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Goldilocks coaching: Can AI deliver targeted, ‘just right’ skills development at scale?

Coaching has been proven as an effective means of accelerating skills development, but organisations are still spending £6.6 billion per year trying to plug workforce skills gaps. So how can we replicate and scale the impact of targeted coaching styles in order to plug those gaps and accelerate skills acquisition?

If you missed it, in part one of our blog series we explored the current landscape of corporate coaching, establishing that it is possible to deliver the level of personalisation needed for effective coaching using AI and digital technology.

However, only 9% of organisations currently use any AI-based tool to enhance their coaching efforts. But with more than a quarter (27%) stating that they intend to adopt digitally enabled coaching support in the next two years, is it possible to replicate the many different approaches that traditional workplace coaching can offer?

Which is the question we’ll be addressing in this part of our deep dive – by taking a closer look at different coaching styles.

The ‘Goldilocks’ Approach

We know digital can achieve scale, but can it deliver the targeted, adaptable and ‘just right’ support that is able to truly accelerate skills acquisition and meet the needs of the organisation and the coachee? In order to find out, let’s consider four key coaching styles often used in traditional coaching interventions and how digital can extend and enhance their effectiveness.

experienced manager uses directive coaching style with a newer employee

  • Directive coaching: where a coach (often a manager) with a breadth of experience coaches a newer employee on what to do.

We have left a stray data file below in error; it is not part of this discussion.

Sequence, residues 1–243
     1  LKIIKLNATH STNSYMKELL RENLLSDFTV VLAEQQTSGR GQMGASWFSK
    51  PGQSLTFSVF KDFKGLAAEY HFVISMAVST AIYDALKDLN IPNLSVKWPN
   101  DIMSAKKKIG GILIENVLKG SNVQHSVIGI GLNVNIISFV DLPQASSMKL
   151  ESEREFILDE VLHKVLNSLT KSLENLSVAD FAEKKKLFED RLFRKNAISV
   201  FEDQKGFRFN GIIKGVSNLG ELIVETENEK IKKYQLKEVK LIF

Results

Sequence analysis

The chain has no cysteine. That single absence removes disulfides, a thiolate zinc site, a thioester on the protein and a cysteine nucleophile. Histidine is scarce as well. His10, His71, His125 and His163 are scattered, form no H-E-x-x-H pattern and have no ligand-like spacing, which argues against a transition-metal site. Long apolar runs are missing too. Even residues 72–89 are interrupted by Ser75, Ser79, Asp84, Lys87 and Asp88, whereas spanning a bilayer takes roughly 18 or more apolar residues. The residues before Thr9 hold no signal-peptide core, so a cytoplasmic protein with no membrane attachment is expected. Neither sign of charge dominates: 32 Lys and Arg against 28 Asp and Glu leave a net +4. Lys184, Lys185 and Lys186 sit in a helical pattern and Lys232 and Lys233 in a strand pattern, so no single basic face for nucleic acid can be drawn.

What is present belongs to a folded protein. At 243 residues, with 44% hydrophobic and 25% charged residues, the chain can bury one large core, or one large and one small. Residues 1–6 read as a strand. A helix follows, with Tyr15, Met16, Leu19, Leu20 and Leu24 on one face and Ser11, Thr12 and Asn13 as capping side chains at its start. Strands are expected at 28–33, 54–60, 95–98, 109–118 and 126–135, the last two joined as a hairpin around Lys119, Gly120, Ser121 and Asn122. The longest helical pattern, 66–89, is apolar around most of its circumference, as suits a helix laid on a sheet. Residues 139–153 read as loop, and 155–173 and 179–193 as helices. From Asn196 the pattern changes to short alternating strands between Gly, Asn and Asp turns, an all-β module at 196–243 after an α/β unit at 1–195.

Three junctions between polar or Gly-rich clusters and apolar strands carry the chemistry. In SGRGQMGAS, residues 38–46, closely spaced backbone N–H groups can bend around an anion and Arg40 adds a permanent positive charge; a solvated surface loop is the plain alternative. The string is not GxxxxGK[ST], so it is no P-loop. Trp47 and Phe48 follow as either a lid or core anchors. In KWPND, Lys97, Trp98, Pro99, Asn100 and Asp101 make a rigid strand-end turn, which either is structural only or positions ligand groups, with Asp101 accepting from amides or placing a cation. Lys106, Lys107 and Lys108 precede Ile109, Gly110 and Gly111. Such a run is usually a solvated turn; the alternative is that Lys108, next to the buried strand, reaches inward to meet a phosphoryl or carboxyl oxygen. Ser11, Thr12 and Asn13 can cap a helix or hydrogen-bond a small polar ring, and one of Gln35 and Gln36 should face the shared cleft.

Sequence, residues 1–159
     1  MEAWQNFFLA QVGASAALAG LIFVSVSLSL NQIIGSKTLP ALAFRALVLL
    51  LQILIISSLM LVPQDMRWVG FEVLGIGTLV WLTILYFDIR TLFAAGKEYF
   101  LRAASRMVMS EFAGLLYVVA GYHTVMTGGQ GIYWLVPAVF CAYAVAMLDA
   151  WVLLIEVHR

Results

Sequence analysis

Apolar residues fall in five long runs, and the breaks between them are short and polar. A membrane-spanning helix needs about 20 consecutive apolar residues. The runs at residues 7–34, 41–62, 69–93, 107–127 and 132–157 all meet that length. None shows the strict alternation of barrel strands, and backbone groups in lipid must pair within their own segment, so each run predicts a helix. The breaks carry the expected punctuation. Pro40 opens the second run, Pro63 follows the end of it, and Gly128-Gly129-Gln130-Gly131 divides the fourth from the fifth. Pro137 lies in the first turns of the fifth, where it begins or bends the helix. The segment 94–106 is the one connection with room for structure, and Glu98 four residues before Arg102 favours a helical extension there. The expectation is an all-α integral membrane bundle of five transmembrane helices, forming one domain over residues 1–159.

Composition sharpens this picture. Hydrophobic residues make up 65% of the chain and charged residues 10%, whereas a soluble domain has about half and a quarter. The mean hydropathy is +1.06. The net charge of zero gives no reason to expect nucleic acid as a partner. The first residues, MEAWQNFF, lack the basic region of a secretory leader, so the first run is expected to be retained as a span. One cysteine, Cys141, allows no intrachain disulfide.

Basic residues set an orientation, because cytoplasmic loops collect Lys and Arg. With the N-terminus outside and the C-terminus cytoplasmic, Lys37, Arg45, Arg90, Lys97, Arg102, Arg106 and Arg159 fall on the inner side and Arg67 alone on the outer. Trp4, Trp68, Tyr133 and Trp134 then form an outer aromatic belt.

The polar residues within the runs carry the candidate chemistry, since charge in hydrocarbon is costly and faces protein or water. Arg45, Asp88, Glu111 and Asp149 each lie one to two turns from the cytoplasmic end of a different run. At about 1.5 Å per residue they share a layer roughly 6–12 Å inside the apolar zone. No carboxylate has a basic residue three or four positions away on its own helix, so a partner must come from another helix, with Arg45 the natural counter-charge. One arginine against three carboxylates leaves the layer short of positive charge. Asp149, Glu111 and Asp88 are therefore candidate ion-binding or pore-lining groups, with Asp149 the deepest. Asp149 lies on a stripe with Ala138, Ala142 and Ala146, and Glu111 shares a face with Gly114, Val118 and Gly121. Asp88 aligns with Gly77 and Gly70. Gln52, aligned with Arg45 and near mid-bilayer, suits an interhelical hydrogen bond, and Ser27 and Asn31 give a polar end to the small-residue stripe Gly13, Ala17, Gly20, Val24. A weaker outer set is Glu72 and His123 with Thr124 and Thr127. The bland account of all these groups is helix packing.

While they may not have lived it, digital coaches can also have a wealth of experience built into them. Indeed, an advantage of digital is that the coach can encompass a full range of experience, where a live coach may have gaps. One of the clients we are working with expressed this as “digitising our very best – our ideal coach”.

The digital coach’s knowledge can even be shaped by a history of “lived” experiences and distinct personality traits much like any interaction with a human coach or manager would. This was something we were able to do for our own digital coaches in our recent project, Create Your Own Future, where we created four distinct personalities each with their own relatable “back story” in order to appeal to a specific learner cohort. For more insight into Create Your Own Future and making your employees more career adaptable click here.

  • Laissez-faire coaching: which in short, can be described as “leaving employees to do their work”.

This style of coaching is reminiscent of existing digital point-of-need tools with incorporated AI or even chatbots: the individual is left to get on with their work but there is assistance when needed. Just as with a live coach, the individual can ask for help, but AI can go one step further. Digital platforms can be built to identify patterns, behaviours and sentiment which indicate a user may be confused or performing a task ineffectively, the AI coach is then able to offer immediate guidance as well as the opportunity to discuss a user’s concern further.